Boeing 737 cargo plane makes emergency landing on water off Hawaii
July 2 (Reuters) – A decades-old Boeing Co (BA.N) 737-200 cargo plane with two people on board made an overnight emergency landing in the Pacific Ocean off the coast of Honolulu, in Hawaii, early Friday, the United States said the Federal Aviation Administration.
The FAA said both crew members had been rescued, citing preliminary information.
“The pilots had reported engine problems and were attempting to return to Honolulu when they were forced to land the plane in the water,” the FAA said in a statement.
The FAA and the National Transportation Safety Board (NTSB) will investigate.
Transair flight 810 departed Honolulu at 1:33 a.m. local time bound for Maui’s Kahului Airport, but quickly turned back to Honolulu, according to aviation data from FlightAware.com.
Shortly after, the Coast Guard responded to reports of the downed plane south of the island of Oahu with two people on board. At around 2:30 a.m., a Coast Guard helicopter located the debris field and found one of the crew members hanging from the tail of the plane. This person was transported by helicopter to a hospital.
The other survivor was seen on top of some floating packages and was picked up by a Honolulu firefighter rescue boat to be transported to shore, according to a US Coast Guard spokesperson.
Both were being evaluated by medical staff and their current condition was unknown.
The crew knew they were in trouble.
“We lost the number one engine,” said one of the pilots at Honolulu air traffic control in a recording posted on LiveATC, an audio streaming site that broadcasts air traffic control communications.
“We’re going to need the fire department … We’re also going to lose the other engine. It’s very hot.”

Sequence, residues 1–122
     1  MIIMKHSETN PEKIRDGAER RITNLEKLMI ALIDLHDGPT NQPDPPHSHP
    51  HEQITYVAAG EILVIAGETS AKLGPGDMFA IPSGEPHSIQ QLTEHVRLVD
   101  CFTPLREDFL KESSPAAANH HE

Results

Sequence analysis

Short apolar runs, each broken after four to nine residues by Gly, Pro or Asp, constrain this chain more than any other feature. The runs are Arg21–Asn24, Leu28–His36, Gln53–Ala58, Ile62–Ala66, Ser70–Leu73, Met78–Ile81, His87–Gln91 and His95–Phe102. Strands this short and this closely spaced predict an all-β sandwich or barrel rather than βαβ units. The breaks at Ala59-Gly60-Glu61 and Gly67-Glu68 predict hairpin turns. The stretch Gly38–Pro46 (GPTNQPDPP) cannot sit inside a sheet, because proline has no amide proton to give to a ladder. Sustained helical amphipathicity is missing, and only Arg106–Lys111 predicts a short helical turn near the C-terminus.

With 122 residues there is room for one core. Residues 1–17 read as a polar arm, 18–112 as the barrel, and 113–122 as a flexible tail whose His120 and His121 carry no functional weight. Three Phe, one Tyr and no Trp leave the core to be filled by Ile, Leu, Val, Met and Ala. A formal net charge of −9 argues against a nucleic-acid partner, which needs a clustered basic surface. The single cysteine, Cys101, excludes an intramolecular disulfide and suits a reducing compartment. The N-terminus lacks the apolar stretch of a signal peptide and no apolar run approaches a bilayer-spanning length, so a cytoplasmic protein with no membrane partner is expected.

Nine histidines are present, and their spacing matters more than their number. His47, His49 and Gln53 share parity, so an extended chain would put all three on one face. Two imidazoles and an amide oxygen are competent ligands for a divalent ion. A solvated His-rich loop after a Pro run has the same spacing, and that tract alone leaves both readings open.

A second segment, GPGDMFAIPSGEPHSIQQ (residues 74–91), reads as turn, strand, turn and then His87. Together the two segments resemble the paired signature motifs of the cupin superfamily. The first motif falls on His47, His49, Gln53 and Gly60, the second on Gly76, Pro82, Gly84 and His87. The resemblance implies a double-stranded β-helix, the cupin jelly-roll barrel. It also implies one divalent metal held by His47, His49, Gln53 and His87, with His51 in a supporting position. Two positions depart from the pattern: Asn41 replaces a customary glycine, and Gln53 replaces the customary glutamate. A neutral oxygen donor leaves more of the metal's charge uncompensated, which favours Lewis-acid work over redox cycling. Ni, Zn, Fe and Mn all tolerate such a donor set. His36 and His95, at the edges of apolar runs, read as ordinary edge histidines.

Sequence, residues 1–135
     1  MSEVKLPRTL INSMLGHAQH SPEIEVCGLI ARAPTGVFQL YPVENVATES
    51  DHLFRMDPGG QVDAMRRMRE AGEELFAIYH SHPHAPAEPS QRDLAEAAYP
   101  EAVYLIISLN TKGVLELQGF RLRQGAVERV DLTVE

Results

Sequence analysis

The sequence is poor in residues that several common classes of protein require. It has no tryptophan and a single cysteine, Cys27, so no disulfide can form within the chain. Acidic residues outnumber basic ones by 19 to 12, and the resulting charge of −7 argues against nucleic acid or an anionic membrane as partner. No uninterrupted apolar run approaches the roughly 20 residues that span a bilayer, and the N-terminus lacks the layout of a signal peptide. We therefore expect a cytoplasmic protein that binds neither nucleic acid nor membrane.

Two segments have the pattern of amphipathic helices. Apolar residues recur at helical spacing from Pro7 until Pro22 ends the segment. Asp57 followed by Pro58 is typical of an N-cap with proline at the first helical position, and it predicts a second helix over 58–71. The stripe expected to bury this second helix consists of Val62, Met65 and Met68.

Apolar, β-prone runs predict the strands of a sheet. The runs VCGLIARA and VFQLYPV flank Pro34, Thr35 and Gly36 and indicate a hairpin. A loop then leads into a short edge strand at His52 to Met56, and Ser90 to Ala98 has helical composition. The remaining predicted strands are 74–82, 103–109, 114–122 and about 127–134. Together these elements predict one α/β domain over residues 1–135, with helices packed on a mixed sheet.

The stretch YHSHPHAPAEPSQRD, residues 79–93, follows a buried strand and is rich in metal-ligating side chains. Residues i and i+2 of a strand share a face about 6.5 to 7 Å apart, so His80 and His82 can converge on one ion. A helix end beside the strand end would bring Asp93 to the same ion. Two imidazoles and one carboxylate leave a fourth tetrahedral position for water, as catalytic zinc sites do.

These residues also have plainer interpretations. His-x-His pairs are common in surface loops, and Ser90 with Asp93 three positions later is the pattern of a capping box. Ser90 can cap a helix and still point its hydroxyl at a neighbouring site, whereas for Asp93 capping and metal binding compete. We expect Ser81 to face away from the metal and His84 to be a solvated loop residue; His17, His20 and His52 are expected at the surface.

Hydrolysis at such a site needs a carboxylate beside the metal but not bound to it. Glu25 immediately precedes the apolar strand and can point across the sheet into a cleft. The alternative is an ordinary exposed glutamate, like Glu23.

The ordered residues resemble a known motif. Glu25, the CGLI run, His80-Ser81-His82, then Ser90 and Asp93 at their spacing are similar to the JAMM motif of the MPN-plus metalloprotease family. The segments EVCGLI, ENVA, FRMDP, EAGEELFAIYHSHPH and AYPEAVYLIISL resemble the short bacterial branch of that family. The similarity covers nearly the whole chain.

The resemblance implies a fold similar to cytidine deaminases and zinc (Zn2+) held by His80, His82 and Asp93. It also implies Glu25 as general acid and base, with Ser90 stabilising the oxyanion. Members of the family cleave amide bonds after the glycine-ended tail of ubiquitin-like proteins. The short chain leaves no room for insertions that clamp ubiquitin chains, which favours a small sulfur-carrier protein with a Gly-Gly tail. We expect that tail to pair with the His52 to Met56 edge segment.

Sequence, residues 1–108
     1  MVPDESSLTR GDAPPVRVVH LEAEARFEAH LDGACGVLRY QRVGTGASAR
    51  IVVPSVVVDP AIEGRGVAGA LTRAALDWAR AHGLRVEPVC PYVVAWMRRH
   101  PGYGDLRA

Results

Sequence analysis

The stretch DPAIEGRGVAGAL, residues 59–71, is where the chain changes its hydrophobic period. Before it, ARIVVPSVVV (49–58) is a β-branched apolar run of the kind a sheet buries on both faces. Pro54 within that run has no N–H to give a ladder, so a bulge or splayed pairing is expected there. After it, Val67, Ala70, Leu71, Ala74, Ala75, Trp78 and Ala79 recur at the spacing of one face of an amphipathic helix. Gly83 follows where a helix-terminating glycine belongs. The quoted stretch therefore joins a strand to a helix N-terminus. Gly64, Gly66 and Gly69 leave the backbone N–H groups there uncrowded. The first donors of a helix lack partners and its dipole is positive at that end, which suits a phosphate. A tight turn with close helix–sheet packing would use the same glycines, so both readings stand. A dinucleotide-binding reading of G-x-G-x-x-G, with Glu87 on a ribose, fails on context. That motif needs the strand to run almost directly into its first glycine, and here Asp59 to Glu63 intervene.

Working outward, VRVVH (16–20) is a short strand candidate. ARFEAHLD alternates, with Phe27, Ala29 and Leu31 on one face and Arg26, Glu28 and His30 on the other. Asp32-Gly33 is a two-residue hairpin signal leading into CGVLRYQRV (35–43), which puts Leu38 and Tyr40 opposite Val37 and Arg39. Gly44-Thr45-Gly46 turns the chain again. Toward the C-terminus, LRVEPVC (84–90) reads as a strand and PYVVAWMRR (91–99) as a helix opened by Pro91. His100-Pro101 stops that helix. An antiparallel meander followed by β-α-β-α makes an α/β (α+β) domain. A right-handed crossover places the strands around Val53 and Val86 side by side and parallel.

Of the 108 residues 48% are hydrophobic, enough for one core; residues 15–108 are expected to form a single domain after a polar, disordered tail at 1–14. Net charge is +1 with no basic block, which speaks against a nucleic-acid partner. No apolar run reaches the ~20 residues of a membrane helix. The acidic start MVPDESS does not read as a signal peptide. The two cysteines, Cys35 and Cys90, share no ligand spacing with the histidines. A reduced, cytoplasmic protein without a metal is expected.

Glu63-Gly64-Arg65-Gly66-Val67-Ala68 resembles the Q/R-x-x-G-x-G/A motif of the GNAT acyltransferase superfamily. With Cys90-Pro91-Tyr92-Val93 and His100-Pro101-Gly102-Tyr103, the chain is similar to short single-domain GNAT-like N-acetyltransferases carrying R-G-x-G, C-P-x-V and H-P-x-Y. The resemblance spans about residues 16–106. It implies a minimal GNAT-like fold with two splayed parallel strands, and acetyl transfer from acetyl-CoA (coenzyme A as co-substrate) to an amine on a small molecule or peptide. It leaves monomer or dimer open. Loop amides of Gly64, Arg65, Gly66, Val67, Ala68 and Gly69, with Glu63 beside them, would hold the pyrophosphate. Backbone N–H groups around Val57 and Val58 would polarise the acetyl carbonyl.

Boeing said it was monitoring the situation closely and was in contact with the NTSB. The aircraft was built by Boeing in 1975, according to FAA records. The aircraft was first delivered to Pacific Western Airlines and joined the Transair fleet in 2014, according to Flightradar24.com.
The aircraft was powered by Pratt & Whitney (RTX.N) engines. Pratt & Whitney said it supports the NTSB investigation.
Rhoades Aviation Inc operates under the name Transair, which is one of Hawaii’s largest air cargo carriers and has been in business since 1982. It has a fleet of five Boeing 737s that serve all major airline destinations daily. Hawaiian Islands, according to its website.
Marsh & McLennan Cos Inc (MMC.N), Boeing’s insurance broker, declined to comment.
Boeing shares were trading slightly lower Friday afternoon on the New York Stock Exchange.
Boeing’s 737 MAX was cleared for flight by regulators late last year after being grounded for 20 months following two crashes that left hundreds dead.
The 737 from Friday’s incident was a generation older than the MAX.
Reporting by David Shepardson in Truro, Mass., And Ankit Ajmera in Bengaluru; Editing by Chizu Nomiyama, Steve Orlofsky and Jonathan Oatis
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